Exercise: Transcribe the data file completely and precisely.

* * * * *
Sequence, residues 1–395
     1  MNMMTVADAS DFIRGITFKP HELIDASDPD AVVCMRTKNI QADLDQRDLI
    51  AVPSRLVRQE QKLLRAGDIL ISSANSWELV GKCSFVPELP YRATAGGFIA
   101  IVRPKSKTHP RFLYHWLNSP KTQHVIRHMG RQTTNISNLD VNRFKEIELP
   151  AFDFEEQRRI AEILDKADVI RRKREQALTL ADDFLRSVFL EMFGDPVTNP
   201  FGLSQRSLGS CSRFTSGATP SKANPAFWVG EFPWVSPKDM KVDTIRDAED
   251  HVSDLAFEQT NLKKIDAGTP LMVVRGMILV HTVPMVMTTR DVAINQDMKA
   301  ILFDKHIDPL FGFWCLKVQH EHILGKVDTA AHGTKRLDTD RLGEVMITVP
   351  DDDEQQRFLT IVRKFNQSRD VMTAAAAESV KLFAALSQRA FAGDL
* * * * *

Sequence, residues 1–395
     1  MNMMTVADAS DFIRGITFKP HELIDASDPD AVVCMRTKNI QADLDQRDLI
    51  AVPSRLVRQE QKLLRAGDIL ISSANSWELV GKCSFVPELP YRATAGGFIA
   101  IVRPKSKTHP RFLYHWLNSP KTQHVIRHMG RQTTNISNLD VNRFKEIELP
   151  AFDFEEQRRI AEILDKADVI RRKREQALTL ADDFLRSVFL EMFGDPVTNP
   201  FGLSQRSLGS CSRFTSGATP SKANPAFWVG EFPWVSPKDM KVDTIRDAED
   251  HVSDLAFEQT NLKKIDAGTP LMVVRGMILV HTVPMVMTTR DVAINQDMKA
   301  ILFDKHIDPL FGFWCLKVQH EHILGKVDTA AHGTKRLDTD RLGEVMITVP
   351  DDDEQQRFLT IVRKFNQSRD VMTAAAAESV KLFAALSQRA FAGDL